The music is nice though a lot of it is just kind of there and the overall feeling of controlling the character is a bit of a double edged sword - on the one hand having the character feel weighty and having a delayed feeling to your movement feels great especially because the smooth animations don't make the characters feel too cumbersome. On the other hand having these large spaces you need to travel, as well as the game being somewhat close to a hack and slash combat-wise, makes the weight of the characters feel restrictive and a bit tedious. 

Game also walks the line between beautiful and extremely ugly, it honestly changes a lot based on any given moment. Sometimes it's beautiful and sometimes it's ugly. The emptiness of the world can also be bothersome, though it's a bit more forgivable because of some of the secrets. 

I also feel like having the combat be based a lot what i presume to be JRPG elements (can't say I got in depth enough with it to say) like chips would probably be a detriment to making the combat fun. Can't comment on whether or not it's the case, but seeing how many options there are actually makes me want to invest in the combat less especially when it's so easy. I think this generation there's been a little too many compromises between RPGs elements and action games and it kind of feels like developers are scared to just do a straight up action game that actually feels like it's progression is made properly and naturally rather than just requiring you to look at a stats screen (and this is coming from a Souls fan).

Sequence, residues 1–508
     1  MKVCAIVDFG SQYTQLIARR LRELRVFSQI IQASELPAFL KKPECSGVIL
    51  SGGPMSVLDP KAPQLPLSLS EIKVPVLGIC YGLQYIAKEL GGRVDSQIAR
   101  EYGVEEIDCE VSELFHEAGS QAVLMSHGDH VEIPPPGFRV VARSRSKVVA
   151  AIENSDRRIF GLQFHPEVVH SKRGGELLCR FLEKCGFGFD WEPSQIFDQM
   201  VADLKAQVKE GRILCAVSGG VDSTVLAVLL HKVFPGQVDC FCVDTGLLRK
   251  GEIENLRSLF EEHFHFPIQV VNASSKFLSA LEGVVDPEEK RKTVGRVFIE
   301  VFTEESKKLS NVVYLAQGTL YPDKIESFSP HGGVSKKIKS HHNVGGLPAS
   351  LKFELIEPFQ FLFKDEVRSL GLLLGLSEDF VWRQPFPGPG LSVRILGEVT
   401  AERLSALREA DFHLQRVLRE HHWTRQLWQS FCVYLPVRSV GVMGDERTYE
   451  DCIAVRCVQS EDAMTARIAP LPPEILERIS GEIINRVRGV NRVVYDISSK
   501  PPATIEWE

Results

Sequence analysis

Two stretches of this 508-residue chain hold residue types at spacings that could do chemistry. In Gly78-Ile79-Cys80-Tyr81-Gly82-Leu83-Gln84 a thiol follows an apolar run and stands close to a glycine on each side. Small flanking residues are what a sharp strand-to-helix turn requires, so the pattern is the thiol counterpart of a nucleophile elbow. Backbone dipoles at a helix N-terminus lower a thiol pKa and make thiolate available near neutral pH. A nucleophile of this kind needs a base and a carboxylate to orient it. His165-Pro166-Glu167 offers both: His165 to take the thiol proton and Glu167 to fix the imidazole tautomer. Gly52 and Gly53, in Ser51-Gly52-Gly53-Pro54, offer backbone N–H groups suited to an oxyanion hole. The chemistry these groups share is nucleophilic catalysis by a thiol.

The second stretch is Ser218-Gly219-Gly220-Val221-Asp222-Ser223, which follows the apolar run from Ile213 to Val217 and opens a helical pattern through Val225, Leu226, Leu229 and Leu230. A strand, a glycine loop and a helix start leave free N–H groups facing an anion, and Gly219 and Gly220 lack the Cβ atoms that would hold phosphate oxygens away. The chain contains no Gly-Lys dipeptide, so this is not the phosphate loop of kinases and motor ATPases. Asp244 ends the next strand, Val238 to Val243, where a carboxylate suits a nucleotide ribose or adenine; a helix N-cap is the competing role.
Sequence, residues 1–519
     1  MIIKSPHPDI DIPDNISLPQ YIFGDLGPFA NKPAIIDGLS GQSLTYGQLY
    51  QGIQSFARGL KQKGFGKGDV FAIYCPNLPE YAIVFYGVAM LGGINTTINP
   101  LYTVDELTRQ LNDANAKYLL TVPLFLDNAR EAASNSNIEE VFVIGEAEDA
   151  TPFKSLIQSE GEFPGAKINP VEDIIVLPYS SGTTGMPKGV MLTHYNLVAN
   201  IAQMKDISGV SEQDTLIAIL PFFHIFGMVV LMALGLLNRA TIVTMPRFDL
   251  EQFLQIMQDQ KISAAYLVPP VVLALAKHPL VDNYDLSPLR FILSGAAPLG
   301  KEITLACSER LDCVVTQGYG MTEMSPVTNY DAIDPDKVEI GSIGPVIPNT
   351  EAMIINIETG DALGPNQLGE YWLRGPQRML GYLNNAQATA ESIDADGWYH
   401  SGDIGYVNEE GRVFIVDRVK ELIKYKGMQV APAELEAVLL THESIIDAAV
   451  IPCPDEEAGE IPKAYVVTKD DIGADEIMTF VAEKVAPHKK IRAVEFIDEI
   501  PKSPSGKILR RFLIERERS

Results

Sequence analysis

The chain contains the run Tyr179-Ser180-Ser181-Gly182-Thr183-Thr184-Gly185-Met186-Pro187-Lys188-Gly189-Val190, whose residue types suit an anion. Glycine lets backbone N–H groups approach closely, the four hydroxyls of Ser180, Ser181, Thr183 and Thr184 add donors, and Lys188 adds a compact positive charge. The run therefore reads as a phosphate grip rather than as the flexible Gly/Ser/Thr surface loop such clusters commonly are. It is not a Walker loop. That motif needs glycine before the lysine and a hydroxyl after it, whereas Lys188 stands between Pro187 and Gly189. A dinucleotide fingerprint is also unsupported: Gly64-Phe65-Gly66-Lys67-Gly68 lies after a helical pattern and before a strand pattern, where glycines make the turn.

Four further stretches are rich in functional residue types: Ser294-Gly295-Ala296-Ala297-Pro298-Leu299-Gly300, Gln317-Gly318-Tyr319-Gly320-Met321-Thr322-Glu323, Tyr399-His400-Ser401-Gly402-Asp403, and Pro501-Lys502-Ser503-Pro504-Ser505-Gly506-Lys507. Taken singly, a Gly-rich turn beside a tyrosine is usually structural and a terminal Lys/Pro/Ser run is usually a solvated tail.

There's a lot I like in the first few hours in the game - I love the opening, I LOVEEEE the fact that you can go back to the opening area and pick up your weapons and items and experience from your dead android self (i've seen very few games that hide the ability to go back to the tutorial and pick up your left over items - that's great!), I like the soundtrack to some extent (though honestly some of the themes get kind of grating), I like the weird android fight, I like the carnival somewhat, I like the robot sex scene, there's a lot to like. But with stuff like the occasionally ugly environments, the somewhat boring travel, the plot threads taking a while to be truly hooking after the first 30 minutes or so, and a lot of the "weird stuff" kind of just becoming normalized and rather standard in the game (both thematically and gameplay-wise, like the bullet hell elements), it just kind of is hard to play through the whole thing.